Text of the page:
INTRODUCTION TO THE CONSENTING BOYS BY PARKER ROSSMAN
The following is the introduction to “The Consenting Boys”, the eleventh chapter of Dr. Parker Rossman’s Sexual Experience Between Men and Boys (originally published in 1976), one of the only three book-length general studies of Greek love in English.
Following this introduction, Rossman went on to tackle different aspects of the subject of consenting boys in seven sub-chapters:
These sub-chapters were followed by “Some Concluding Observations”.
“The Consenting Boys” is one the chapters in Sexual Experience Between Men and Boys, of relatively great enduring value, since it is based on interviews with boys involved in Greek love affairs and can therefore be regarded as a primary source.
However, the character and behaviour of such boys is something that has obviously varied considerably according to the cultural beliefs and social circumstances under which they have been brought up. It is clear from everything Rossman reports being told by the boys he interviewed that they were living in the U.S.A. and that their experiences were recent. Hence this chapter is best considered as pertaining directly only to that place and time. Its broader value rests on the growing impossibility that arose of addressing the subject in American academic discourse thereafter: a dogma took hold in the 1980s which insisted on the pretence that boys were incapable of consent and thus made it taboo to acknowledge those that did, less still to study them.
The Consenting Boys
The pederast underground is inhabited by boys as well as men, and the boys are there by choice, despite the public’s view — largely held but incorrect — that pederasts solicit and molest innocent and unwilling boys. No doubt some do, for human behavior is almost unbelievably varied, and the world is full of all kinds of people. Of the three hundred boys we interviewed, however, who were sexually involved with men, the majority took an aggressive initiative in seeking the relationship; while most of the rest had role-played in their imaginations the sort of erotic play that might be possible to the point of consent and readiness. When one asks which comes first: presumably there would be no consenting boys if there were not men seeking them and vice versa, the evidence leads to the conclusion that men and boys are equally responsible, at least in present-day society. This may be puzzling and difficult to understand, partly because adolescent behaviour varies so much from region to region and from class to class. It is also true that boys have varied sexual experiences, and many more than is commonly realized are one way or another erotically, emotionally, and/or sexually involved with men.
When placed on Chapter 1’s continuum or scale, the vast majority of normal boys are in the center, where their homosexual experience is largely innocent, limited to jokes, horseplay, and fantasy. Most of the sexual activity of younger adolescents is playful, and the first step into mid-adolescence is the first experience of passionate, emotional, serious, or loving sex. If such a first experience is homosexual, and especially if there are several such experiences with other boys, it may be a step toward affirming a gay identity. This is especially true if the adolescent is scorned, punished, or scolded for the homosexual activity in such a way as to drive him into a homosexual group for support and friendship, or if it incites him to flaunt his gayness as an expression of rebellion. The dynamics of homosexual commitment are far more complex than that, but it is apparent that society fails many youngsters at crucial points in their adolescence, by failing to understand and properly interpret their erotic experiences. Society wrongly assumes that through a process of normal development all youngsters will move in healthy ways from young adolescent playfulness to responsible heterosexual courtship and finally into marriage. In feet, however, the structures of society which support such a normal process are crumbling, and they have never, in any case, functioned adequately for a large minority of youngsters. From the center of the scale, depending upon their experience and opportunities, many boys move left on the scale into loving relationships, but many others move to the right on the scale into sexual adventurism, affirming and elaborating a playful style of sex relationship which may persist into adulthood. The boy who becomes a pederast is an example.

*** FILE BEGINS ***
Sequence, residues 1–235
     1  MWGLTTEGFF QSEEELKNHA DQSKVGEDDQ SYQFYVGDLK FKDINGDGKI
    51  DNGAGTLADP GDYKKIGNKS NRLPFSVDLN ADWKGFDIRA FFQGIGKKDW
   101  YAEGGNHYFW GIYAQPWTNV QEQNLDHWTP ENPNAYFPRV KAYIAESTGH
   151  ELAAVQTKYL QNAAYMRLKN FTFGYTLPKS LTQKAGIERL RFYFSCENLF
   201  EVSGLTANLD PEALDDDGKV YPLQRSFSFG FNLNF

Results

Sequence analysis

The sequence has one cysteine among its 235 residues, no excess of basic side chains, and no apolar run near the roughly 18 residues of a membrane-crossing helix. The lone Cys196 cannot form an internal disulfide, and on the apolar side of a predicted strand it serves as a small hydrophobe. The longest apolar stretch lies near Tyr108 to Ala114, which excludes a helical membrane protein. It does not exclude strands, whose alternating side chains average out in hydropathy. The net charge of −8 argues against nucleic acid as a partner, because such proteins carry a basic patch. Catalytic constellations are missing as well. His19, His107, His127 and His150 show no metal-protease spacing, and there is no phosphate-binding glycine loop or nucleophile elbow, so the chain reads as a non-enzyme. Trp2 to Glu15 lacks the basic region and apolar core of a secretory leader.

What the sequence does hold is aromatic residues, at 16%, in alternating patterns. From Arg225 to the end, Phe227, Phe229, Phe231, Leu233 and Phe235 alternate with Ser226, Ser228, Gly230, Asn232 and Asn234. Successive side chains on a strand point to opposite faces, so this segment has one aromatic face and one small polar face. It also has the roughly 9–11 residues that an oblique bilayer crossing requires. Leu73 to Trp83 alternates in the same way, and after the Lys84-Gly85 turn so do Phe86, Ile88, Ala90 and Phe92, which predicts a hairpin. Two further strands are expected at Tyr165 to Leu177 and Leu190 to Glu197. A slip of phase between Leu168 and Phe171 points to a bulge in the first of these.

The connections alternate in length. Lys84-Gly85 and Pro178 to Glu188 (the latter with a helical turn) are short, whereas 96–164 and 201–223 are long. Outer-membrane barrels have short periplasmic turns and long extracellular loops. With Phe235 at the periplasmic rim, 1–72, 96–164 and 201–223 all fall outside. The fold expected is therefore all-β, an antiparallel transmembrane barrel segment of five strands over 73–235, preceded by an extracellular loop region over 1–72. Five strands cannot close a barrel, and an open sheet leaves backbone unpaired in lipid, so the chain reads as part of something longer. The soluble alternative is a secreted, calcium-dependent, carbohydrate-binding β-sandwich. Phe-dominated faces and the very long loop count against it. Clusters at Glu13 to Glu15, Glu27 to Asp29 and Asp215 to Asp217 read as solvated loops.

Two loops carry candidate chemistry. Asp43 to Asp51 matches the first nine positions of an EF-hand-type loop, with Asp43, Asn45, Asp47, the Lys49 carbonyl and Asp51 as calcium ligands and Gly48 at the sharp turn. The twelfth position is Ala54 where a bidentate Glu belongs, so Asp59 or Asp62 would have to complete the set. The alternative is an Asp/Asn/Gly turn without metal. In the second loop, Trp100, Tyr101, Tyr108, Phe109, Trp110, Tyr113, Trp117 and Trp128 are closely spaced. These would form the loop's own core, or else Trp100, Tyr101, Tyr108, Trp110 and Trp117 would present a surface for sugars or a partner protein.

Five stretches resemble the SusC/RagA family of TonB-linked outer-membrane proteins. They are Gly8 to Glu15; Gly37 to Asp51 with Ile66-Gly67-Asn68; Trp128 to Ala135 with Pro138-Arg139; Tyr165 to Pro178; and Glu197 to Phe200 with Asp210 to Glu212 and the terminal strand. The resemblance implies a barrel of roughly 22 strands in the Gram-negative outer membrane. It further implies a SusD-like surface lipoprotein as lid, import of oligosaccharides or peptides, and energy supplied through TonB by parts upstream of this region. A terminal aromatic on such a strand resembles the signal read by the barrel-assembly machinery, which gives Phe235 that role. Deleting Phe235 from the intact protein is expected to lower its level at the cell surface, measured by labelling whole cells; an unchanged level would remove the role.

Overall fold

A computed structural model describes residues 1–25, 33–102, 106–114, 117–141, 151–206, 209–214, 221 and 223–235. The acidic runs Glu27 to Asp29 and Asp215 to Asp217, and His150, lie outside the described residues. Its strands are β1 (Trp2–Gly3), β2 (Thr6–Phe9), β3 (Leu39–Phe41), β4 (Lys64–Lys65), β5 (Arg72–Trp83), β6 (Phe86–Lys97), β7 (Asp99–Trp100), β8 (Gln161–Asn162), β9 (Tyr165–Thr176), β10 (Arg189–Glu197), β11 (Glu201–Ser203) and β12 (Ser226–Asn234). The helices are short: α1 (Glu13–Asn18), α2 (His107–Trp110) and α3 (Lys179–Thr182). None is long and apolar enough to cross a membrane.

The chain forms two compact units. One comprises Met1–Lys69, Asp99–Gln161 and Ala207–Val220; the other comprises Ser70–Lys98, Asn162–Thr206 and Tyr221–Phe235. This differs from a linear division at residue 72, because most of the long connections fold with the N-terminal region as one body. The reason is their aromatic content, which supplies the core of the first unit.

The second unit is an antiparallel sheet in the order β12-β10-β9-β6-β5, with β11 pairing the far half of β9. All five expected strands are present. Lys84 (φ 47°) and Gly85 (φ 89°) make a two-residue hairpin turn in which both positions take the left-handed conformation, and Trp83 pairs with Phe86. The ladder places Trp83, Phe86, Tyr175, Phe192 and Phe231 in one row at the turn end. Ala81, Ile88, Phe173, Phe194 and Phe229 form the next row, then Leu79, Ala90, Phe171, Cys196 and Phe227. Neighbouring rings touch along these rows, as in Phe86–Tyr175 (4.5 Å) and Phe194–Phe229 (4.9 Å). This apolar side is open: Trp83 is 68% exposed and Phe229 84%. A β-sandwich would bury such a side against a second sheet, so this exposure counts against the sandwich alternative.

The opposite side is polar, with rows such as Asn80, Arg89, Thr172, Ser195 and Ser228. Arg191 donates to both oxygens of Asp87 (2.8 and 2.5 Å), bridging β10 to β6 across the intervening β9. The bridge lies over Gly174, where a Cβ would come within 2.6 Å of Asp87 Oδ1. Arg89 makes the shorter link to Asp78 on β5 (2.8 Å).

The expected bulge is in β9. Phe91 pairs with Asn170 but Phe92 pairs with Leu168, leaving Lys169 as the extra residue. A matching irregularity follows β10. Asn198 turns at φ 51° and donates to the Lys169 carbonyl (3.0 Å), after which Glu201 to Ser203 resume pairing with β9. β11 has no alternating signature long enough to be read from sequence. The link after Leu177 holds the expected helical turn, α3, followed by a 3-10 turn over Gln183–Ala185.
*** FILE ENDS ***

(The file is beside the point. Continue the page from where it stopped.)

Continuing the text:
Our concern here is not with the boys who become pederast or gay, but with the wide range of youngsters who become involved with pederasts. It is a mistake to assume they are gay, neurotic, from impoverished or broken homes, or neurotically delinquent. Like the men they are involved with, they come from all races, classes, social groups, rich and poor, urban and rural — and most of them can be characterized as normal, healthy boys who will marry and have families. Perhaps they are a bit more sexy than the average and more sexually sophisticated and experienced than other boys of the same age, but one is surprised to find that they do not seem to be problem boys. Logic and theory seem to collapse under the evidence of rebellion, secrecy, adventurism and cultural confusion. It does seem to be true that the boys least likely to be sexually involved with men are those who are strictly chaperoned and sheltered, who are highly job- and goal-oriented, who are passionately caught up in sports and hobbies, who spend a great deal of time with their fathers, and who are shy and slow developing. What such a statement implies is immediately overturned by the evidence from the boys themselves.
 There are very occasional references to European literature to support some of his points, but the U.S.A. in the present is clearly the assumed context for what he describes.